The Online Internet-Based Advertising Accountability Program issued five decisions in November enforcing the Digital Advertising Alliance’s Self-Regulatory Principles for Online Behavioral Advertising.  The Accountability Program’s first two decisions, issued November 18 against BMW of North America and Scottrade, addressed those companies’ failure to provide notice of third-party data collection on their websites.  On November 20, the Accountability Program issued three more decisions stemming from a recent online behavioral advertising campaign by personal genomics and biotechnology company 23andMe.

BMW and Scottrade Decisions

The Accountability Program launched formal reviews of BMW of North America and Scottrade after discovering that both companies allowed third parties to collect consumer data on their websites for behavioral advertising purposes without providing notice of this practice as required by the Principles.

The Principles require real-time notice when an ad is based on interests inferred from a prior website visit, as well as “clear, meaningful and prominent” notice on the relevant website that data for online behavioral advertising is being collected by a third party.  The Accountability Program found that BMW and Scottrade had failed to provide appropriate website notices concerning third-party data collection.  According to the decisions, BMW’s and Scottrade’s websites were deficient in the following areas:

  • Both websites lacked language notifying consumers that the company allowed third-party data collection for online behavioral advertising on its website.  According to the decisions, in addition to describing the data collection that takes place, the disclosure must contain a link either to an industry-developed consumer choice page or another opt-out mechanism listing every third party conducting online behavioral advertising activity on the website.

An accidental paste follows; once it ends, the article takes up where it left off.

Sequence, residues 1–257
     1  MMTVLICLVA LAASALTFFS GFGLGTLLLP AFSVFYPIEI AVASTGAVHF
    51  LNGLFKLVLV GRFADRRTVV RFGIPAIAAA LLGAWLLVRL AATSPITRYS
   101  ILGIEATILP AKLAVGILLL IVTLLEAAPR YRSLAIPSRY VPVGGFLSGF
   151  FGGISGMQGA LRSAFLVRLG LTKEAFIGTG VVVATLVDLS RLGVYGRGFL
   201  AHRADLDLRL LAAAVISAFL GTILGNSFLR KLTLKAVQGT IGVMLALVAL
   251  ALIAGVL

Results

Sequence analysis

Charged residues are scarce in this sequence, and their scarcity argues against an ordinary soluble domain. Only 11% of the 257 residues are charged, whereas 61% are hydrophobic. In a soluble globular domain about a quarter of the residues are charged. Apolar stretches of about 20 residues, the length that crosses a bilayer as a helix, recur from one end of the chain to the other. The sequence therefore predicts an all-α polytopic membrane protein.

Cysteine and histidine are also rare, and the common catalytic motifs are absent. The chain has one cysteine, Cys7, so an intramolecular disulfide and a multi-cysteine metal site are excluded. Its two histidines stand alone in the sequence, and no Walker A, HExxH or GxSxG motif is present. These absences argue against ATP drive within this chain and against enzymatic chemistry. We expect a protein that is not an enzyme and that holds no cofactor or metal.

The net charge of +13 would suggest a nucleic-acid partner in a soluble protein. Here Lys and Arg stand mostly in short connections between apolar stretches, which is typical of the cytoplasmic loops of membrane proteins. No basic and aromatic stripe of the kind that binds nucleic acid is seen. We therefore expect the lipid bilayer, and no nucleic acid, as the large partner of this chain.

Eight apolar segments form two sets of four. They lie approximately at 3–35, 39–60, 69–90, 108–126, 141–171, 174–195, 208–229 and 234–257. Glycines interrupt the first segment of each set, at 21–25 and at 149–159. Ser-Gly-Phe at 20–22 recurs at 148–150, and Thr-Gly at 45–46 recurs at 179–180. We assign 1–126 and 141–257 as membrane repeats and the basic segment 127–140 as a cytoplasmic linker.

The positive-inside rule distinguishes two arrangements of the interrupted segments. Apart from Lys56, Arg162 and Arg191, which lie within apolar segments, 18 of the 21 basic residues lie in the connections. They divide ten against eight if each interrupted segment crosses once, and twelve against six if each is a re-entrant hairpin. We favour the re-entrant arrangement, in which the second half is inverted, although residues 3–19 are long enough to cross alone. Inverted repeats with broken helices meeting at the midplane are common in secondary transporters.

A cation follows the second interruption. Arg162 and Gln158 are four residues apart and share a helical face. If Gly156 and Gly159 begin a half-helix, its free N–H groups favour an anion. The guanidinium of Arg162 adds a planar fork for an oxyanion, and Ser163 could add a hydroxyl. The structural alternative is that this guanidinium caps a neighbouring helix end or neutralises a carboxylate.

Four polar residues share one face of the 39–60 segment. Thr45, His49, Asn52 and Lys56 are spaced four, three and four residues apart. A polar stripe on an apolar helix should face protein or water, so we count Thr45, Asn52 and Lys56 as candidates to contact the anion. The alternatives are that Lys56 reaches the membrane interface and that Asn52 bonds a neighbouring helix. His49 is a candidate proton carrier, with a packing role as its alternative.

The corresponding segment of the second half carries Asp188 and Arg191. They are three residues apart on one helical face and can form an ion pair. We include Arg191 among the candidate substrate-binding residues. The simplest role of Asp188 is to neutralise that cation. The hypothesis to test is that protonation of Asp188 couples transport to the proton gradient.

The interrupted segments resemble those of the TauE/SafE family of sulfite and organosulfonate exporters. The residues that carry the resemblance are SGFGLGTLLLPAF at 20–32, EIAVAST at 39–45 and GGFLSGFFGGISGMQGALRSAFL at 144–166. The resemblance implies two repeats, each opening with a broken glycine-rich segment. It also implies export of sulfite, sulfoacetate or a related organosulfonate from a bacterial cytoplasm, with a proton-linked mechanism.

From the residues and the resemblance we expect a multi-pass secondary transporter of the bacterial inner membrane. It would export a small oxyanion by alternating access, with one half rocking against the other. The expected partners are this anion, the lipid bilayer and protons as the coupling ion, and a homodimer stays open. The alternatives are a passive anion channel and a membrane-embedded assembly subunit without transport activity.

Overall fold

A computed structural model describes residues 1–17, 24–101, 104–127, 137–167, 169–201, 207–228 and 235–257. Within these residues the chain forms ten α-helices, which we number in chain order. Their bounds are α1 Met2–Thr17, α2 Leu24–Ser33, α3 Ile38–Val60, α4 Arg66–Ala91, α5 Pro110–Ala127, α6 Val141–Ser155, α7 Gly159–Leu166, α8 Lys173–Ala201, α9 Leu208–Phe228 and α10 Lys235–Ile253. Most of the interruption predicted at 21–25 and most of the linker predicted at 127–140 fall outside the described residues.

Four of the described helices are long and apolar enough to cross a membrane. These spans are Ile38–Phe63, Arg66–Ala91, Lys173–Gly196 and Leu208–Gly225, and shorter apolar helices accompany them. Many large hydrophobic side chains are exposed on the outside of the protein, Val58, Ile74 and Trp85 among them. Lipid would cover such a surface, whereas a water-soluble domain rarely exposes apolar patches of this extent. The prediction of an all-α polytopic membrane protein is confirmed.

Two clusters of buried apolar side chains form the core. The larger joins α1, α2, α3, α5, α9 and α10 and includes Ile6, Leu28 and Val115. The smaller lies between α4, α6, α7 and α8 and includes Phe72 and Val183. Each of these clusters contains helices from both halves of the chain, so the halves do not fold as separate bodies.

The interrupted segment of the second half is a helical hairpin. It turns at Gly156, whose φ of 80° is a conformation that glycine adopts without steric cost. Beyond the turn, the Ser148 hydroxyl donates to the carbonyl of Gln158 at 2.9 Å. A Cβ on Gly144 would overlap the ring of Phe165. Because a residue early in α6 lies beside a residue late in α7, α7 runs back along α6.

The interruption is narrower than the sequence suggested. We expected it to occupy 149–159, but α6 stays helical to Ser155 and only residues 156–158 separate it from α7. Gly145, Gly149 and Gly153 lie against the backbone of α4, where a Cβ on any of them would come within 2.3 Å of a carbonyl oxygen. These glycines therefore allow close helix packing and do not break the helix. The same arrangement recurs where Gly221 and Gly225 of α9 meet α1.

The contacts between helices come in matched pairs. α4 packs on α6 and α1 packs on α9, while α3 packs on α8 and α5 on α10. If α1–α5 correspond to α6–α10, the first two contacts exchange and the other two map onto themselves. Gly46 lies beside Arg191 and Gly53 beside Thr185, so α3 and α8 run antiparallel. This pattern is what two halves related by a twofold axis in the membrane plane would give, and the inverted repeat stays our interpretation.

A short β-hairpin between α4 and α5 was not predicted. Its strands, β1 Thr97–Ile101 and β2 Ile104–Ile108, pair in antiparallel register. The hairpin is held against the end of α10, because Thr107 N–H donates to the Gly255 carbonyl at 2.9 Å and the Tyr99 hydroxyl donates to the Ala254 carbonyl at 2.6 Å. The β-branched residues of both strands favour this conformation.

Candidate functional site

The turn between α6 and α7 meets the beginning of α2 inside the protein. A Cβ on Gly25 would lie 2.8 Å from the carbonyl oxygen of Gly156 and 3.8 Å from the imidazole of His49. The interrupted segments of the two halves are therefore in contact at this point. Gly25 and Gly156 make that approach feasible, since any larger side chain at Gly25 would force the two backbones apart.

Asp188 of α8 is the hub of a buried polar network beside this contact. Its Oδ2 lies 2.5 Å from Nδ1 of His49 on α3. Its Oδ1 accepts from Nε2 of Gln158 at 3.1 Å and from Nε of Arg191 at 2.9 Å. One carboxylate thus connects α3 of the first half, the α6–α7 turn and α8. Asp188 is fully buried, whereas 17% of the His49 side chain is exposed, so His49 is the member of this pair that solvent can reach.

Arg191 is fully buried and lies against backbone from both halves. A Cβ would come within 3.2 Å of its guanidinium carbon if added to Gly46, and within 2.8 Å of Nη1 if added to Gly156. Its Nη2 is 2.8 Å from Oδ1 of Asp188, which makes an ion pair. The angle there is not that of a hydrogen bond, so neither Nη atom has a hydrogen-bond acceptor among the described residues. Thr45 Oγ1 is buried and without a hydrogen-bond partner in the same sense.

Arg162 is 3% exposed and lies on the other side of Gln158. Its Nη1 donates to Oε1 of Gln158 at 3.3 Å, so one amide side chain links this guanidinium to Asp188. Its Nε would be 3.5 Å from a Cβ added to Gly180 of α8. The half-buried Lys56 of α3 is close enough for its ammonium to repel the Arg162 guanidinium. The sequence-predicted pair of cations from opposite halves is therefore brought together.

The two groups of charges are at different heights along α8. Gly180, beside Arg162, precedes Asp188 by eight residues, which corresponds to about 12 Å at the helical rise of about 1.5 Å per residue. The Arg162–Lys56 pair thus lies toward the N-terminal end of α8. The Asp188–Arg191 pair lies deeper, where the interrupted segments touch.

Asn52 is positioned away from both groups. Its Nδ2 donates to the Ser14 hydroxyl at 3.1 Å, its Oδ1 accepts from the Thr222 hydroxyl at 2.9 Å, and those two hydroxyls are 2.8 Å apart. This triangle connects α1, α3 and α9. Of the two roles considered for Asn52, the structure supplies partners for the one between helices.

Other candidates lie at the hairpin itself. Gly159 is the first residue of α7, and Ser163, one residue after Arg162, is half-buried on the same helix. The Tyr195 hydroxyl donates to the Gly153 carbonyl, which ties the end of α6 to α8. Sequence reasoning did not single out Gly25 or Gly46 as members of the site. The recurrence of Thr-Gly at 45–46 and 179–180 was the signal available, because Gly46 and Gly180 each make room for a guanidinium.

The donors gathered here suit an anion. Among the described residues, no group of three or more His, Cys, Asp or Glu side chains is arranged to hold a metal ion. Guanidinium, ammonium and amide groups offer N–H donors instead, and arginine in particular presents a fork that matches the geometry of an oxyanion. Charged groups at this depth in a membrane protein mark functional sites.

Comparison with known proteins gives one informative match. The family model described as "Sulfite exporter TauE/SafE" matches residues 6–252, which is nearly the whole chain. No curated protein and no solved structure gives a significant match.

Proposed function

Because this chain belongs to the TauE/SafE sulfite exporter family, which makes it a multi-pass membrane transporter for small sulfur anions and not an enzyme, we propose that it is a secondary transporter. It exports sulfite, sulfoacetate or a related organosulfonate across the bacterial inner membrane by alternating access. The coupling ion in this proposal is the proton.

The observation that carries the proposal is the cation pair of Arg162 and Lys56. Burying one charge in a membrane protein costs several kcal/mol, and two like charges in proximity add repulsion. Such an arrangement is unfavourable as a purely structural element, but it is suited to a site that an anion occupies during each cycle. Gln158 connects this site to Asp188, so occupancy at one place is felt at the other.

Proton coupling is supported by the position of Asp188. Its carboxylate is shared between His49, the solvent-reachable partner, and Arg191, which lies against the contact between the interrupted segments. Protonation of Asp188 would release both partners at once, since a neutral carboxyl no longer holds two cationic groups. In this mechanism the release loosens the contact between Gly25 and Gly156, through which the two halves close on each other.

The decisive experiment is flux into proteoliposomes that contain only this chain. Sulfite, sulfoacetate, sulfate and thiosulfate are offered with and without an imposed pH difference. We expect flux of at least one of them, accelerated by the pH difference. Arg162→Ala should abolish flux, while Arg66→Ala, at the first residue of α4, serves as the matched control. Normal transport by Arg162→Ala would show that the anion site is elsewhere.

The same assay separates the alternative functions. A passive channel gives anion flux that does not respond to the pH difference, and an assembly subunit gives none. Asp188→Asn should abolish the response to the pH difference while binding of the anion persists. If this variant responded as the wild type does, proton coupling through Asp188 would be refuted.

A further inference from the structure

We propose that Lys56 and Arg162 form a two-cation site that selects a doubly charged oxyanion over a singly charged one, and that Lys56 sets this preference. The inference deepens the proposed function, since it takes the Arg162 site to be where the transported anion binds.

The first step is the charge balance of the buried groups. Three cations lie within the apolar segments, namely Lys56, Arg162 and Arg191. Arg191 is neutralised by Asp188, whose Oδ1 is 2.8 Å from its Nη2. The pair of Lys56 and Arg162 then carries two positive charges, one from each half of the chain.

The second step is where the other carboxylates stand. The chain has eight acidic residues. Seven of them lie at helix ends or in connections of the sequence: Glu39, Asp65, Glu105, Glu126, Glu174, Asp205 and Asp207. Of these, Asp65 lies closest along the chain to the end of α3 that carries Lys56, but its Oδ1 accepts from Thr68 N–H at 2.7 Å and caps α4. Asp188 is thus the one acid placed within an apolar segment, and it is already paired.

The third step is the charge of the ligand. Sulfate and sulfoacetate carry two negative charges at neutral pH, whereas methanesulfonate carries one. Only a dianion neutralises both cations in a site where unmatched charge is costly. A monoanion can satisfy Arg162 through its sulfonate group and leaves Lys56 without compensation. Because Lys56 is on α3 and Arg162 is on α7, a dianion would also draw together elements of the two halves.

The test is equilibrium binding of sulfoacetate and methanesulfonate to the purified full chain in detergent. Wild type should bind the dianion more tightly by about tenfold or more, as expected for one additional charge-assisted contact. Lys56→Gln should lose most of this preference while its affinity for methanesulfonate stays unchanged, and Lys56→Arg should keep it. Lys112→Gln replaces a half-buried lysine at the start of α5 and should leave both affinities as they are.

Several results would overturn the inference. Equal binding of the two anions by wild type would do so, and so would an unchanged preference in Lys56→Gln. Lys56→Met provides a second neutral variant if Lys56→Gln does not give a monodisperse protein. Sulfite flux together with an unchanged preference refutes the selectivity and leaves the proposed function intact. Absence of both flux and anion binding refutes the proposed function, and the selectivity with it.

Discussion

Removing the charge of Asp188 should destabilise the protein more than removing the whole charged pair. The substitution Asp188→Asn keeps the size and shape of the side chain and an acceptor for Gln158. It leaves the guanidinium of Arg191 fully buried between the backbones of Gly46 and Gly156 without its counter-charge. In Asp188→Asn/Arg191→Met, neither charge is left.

• The websites failed to provide an enhanced notice link on every webpage where third-party data collection was taking place.  According to the decision, this link must direct visitors to the website’s online behavioral advertising disclosure. 
  • Neither website included a statement of adherence to the Principles.  According to the decisions, this requirement can be satisfied by a written statement indicating adherence to the Principles in a privacy policy or online behavioral advertising disclosure, or by using either the AdChoices Icon or DAA-approved wording in the enhanced notice link.  (DAA-approved phrases are “Ad Choices,” “Interest Based Ads,” or “Why did I get this ad?”)

The decisions against BMW and Scottrade come on the heels of the Accountability Program’s warning that it would begin taking action against “First Parties”–i.e., website operators–for failing to provide “enhanced notice” of third-party data collection and use for OBA.    

23andMe Decisions

The Accountability Program began reviewing 23andMe’s online behavioral advertising practices after discovering that the company was retargeting ads to consumers who had previously visited the company’s website without providing  the “enhanced notice” required by the Principles

In its decision, the Accountability Program determined that 23andMe’s retargeted ads violated the Transparency principle by failing to include enhanced notice.  The Principles require that such ads “carry real-time notice, usually provided through the AdChoices Icon, which when clicked, takes the consumer to a location where the consumer can learn about [online behavioral advertising] and make an informed choice about participating in interest-based advertising.”  The Accountability Program also determined that, like BMW and Scottrade, 23andMe’s website failed to provide notice that data was being collected by a third party for online behavioral advertising purposes.  The Accountability Program also determined, however, that 23andMe failed to provide real-time notice that its ads were based on consumers’ prior website visits. 

The Accountability Program issued related decisions against 3Q Digital, the digital marketing agency that managed 23andMe’s online behavioral advertising campaign, and MediaMath, which provided the demand-side platform used by 3Q Digital.  These companies also were found to have violated the Transparency principle by failing to ensure that 23andMe’s retargeted ads provided enhanced notice. 

In enforcing the Principles against the advertiser, the ad agency, and the platform provider, the Accountability Program emphasized that “all parties in the advertising ecosystem must work together to ensure that consumers receive the benefits” of the Principles.